Top Sight Tours Group

28 Feb

Guide to The Globe

All the world’s a stage, especially at The Globe. For some 500 years, London has been a flourishing hotbed of theatre arts, filling the playhouses with the work of playwrights new and old. In terms of both drama and history however, nothing can compete with the Globe Theatre, a stunning replica of an Elizabethan playhouse that premiered many of Shakespeare’s best-loved works.Visit the reconstruction of Shakespeare’s historic 16th-century playhouse after reading these Top Sights Facts about one of the best play houses in all of London. 

The Globe overview

We’ll clear up one misconception straight away: Shakespeare never actually set foot in The Globe, despite it often being referred to as ‘Shakespeare’s Globe’. The Globe is a meticulously constructed replica of the original Globe Theatre,

The original Globe Theatre was built between 1597 and 1599 in Southwark on the south bank of London’s River Thames, funded by Richard Burbage and built by carpenter Peter Smith and his workers . The timber for The Globe Theatre was actually reused wood from “The Theatre” – an earlier theatre owned by Richard Burbage’s father. The Globe was built as a large, round, open air theatre. There was a roof around the circumference which covered the seating area, leaving the theatre looking like a doughnut from above, and the architectural style of The Globe was similar to the Coliseum in Rome, but on a smaller scale – other Elizabethan theatres also followed this style of architecture which were called amphitheatres. Shakespeare’s Globe Theatre is an open-air playhouse built as a reconstruction of the building where the great playwright penned many of his plays. The Shakespeare’s Globe Theatre Tour introduces visitors to all aspects of the Globe, historical and contemporary, including Sam Wanamaker’s epic struggle to recreate the theatre from the 1599 original.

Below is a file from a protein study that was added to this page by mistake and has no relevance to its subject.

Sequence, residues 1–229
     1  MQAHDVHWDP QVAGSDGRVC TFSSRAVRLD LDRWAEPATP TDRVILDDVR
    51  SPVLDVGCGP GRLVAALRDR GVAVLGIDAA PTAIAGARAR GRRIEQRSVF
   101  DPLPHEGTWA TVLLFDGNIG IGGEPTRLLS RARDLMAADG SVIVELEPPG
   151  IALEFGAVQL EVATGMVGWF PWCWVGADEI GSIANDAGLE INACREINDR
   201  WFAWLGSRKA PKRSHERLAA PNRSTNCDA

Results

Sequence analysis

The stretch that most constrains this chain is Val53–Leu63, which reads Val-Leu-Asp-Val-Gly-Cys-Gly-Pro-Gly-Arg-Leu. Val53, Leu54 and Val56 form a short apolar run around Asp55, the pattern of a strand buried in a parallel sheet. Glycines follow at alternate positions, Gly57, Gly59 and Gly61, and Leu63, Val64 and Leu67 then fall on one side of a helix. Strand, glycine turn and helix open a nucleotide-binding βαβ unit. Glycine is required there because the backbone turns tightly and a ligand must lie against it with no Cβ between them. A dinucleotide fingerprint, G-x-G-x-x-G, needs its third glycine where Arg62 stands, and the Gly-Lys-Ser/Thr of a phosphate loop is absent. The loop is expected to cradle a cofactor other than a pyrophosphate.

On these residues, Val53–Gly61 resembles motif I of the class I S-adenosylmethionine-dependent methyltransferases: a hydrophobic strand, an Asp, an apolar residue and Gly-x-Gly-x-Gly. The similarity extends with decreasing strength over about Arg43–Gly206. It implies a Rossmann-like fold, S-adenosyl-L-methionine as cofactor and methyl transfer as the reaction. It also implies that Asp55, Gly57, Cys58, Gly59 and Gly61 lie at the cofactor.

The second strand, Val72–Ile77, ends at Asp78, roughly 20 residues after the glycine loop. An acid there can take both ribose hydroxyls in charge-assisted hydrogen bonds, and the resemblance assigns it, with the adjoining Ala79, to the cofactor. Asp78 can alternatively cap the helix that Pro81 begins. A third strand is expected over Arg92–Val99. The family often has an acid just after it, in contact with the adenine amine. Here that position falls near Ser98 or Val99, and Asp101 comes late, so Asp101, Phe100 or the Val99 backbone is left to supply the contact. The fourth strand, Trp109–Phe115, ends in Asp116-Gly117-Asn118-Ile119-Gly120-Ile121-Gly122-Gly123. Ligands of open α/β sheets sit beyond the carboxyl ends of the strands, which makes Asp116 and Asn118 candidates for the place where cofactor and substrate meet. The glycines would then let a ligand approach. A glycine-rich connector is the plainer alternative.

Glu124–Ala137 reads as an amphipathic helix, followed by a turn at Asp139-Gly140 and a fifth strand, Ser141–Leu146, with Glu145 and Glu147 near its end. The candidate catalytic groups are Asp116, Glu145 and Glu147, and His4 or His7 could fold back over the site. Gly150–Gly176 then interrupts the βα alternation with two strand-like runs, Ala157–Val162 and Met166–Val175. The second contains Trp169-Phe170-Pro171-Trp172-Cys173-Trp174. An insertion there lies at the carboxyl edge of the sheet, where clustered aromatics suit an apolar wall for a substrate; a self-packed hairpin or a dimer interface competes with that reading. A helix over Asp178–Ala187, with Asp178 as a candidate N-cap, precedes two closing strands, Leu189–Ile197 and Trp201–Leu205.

The Globe

The modern version was the vision of legendary American actor and director Sam Wanamaker, who spent some 23 years researching, designing, and fundraising for the project. In1970 Wanamaker’s career took a dramatic turn after he was annoyed by the fact that while a number of replicas of the Globe Theatre existed in America, the actual site of the original in London was marked by only a plaque on a nearby brewery. He then made it his single-minded goal to restore an exact replica of the Globe to feature plays and a museum.

It became Wanamaker’s “great obsession” to restore Shakespeare’s Globe Theatre at its original location. And he secured financial support from philanthropists and fellow lovers of Shakespeare, such as Samuel H. Scripps, to see that it would be created.[4] Wanamaker then founded the Shakespeare Globe Trust, which raised well over ten million dollars

 Sam made his home in England, revealing in many Shakespearean roles. His idea to reconstruct a New Globe Theatre took years to bring to life. Although people liked the idea there was a problem in obtaining the necessary finance to complete such a project. The New Globe History made a major leap when in 1969 Sam Wanamaker started actively campaigning to reconstruct a replica of the original Globe theatre as used by William Shakespeare. Sadly Sam died in 1993 so he died not see the inauguration of the New Globe Theatre. The events that lead to the inauguration are detailed in a timeline of the New Globe Theatre History